Agriculture is Virginia’s largest industry, with nothing else coming a close second, but lately the national industry has come under fire with the recent salmonella-related recall of manufactured products using peanut paste from a single supplier. Fortunately, Virginia’s peanut industry has not been implicated in the scare, and I encourage all Virginians to continue to enjoy Virginia peanuts and the delicious specialty products made from Virginia peanuts.
However, with food safety dominating the headlines of late, I believe this is a good time to examine the food inspection programs conducted by highly trained staff at the Virginia Department of Agriculture and Consumer Services (VDACS) and to reassure folks about the safety of our food supply.
Despite recent events, America still has one of the safest food supplies in the world, and also one of the most abundant and affordable. While no one can ever promise every aspect of the food supply is 100 percent safe, I can say wholeheartedly that I have a great deal of confidence in our various food inspection programs here at VDACS and in the integrity of our farmers and our food processors.
VDACS’ inspection programs cover three separate areas: Food, dairy and meat/poultry. These programs include the farm, the processor, the warehouse, the retail outlet and transportation.
We take a risk-based approach with inspections, giving greater attention to high-risk areas like a meat-processing facility. Every day these facilities are open, our inspectors are on the job. Their knowledge and level of training might surprise you. When they start employment with us, they must undergo extensive training and an apprenticeship period before being allowed to work on the production floor by themselves. They also receive on-going education to maintain and update their skills and knowledge.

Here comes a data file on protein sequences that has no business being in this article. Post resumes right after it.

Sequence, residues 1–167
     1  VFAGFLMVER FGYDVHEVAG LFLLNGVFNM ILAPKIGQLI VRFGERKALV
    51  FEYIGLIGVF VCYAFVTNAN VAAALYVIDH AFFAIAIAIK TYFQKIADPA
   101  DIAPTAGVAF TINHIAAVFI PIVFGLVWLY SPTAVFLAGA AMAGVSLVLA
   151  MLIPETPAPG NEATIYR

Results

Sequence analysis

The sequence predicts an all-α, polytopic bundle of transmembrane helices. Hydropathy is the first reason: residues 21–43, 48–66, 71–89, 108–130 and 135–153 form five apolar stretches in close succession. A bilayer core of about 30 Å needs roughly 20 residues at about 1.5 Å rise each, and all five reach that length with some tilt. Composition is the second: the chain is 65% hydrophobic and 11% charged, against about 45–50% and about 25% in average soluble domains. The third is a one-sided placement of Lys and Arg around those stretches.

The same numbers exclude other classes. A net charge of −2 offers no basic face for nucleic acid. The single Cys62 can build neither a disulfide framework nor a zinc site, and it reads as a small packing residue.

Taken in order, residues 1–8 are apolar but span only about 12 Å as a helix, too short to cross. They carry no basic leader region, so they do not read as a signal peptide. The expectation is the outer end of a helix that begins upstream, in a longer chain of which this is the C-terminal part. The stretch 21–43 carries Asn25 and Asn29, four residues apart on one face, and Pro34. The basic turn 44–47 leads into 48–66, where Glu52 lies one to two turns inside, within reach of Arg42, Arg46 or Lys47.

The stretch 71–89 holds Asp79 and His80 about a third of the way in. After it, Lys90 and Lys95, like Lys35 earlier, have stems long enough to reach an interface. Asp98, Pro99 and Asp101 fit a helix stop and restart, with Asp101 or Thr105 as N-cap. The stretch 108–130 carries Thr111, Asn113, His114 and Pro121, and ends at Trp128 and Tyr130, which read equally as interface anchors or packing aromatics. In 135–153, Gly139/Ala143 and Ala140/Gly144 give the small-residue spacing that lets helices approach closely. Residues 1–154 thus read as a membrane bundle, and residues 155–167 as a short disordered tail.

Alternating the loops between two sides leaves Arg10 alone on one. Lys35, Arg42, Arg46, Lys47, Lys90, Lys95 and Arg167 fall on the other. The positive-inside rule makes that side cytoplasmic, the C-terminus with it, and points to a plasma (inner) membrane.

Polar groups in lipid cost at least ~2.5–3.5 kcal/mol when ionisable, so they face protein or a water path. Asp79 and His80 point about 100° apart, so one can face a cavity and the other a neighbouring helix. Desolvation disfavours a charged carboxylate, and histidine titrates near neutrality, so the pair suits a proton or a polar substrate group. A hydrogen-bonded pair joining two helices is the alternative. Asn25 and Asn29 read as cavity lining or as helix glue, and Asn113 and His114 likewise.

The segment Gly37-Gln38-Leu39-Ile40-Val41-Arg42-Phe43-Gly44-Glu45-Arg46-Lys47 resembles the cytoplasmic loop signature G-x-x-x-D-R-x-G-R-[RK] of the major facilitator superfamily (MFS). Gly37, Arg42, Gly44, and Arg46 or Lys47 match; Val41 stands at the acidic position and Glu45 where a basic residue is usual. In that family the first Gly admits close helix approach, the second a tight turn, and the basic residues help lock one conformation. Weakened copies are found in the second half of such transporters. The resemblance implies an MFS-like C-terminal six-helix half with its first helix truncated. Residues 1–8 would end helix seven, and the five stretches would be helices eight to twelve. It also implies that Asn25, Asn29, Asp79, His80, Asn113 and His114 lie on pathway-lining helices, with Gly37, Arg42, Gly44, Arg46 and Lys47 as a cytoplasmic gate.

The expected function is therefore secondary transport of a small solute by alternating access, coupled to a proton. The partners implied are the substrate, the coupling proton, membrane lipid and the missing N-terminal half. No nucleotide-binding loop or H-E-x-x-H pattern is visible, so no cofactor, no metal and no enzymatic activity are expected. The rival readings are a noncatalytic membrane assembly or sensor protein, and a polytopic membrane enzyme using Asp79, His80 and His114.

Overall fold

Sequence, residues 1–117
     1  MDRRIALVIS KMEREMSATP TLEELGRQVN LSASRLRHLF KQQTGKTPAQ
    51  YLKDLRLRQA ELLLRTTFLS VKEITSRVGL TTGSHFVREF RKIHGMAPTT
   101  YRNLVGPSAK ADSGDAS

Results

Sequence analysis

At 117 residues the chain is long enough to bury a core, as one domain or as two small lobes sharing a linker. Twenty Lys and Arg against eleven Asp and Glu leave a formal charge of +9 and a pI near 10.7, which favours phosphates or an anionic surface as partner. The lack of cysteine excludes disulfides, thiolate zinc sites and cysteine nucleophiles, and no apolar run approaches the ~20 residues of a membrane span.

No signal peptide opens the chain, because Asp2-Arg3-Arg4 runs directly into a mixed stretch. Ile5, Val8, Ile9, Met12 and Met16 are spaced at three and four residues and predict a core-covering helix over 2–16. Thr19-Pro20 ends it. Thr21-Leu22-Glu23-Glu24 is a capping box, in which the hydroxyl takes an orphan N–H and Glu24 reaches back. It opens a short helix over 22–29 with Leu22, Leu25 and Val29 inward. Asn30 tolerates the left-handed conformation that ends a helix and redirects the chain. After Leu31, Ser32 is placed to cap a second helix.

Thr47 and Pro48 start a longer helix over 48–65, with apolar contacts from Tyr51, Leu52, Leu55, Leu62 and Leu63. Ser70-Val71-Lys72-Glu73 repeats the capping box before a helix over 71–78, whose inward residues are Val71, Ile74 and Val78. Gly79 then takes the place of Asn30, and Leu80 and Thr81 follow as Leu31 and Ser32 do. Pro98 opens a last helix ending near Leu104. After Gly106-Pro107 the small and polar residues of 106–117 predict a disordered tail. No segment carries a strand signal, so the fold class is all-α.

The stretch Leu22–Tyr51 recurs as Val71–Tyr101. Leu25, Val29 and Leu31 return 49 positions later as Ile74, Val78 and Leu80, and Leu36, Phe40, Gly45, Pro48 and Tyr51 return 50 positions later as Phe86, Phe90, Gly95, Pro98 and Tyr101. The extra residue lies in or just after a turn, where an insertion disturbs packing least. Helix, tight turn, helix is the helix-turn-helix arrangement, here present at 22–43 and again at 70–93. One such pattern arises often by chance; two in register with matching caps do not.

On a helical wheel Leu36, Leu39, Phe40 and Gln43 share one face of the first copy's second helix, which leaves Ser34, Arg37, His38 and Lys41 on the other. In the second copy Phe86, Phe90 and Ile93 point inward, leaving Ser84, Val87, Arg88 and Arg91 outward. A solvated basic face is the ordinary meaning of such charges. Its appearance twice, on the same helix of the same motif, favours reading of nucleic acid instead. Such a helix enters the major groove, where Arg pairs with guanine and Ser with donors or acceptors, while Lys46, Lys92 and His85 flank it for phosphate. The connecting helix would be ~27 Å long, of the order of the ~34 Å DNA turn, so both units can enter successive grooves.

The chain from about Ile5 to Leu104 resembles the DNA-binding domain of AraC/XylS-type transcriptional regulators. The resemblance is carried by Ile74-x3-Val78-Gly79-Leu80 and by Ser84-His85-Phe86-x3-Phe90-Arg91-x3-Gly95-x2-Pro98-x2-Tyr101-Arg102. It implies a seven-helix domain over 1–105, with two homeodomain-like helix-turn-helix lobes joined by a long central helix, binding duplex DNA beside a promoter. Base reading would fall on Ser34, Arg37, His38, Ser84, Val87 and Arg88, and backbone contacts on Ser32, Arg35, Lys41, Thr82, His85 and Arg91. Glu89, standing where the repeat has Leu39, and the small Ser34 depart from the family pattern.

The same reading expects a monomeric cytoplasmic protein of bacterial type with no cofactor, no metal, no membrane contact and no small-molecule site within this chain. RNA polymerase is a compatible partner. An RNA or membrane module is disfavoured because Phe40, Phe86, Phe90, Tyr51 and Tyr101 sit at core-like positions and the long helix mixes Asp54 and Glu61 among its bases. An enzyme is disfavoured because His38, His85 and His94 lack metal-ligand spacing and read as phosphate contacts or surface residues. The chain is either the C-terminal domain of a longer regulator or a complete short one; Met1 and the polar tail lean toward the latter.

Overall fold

Meat and poultry plants may range from a slaughter operation to a complex food processing plant. Inspectors must have a comprehensive knowledge of food processing, control of sanitary processes and animal characteristics and habits, and they have to know inside and out the principles of Hazard Analysis and Critical Control Points (HACCP) and Standard Sanitation Operating Procedures (SSOP). They must have a thorough knowledge of the regulations governing the meat processing industry, and they have to have a keen eye for any abnormalities in a beef, chicken or other carcass.
They must be able to read and interpret a plant’s plans based on Hazard Analysis and then be able to make judgments about implementation of the Critical Control Points they observe on site. Inspectors focus on the process as much or more than the product. At a slaughter plant, they also monitor humane handling of animals and must be able to identify any materials that could indicate the presence of Bovine Spongiform Encephalopathy (BSE).
Food inspectors generally don’t deal with live animals, but they have to know about everything from raw products to processed foods to nutritional supplements. They routinely visit retail food stores, storage warehouses and food manufacturing establishments in the Commonwealth. Our food inspectors’ duties include performing regular food establishment inspections, investigating consumer complaints and monitoring the food supply via sampling for microbiological concerns, filth, pesticide residues, product standards and appropriate product labeling. They, too, operate under HACCP and SSOP.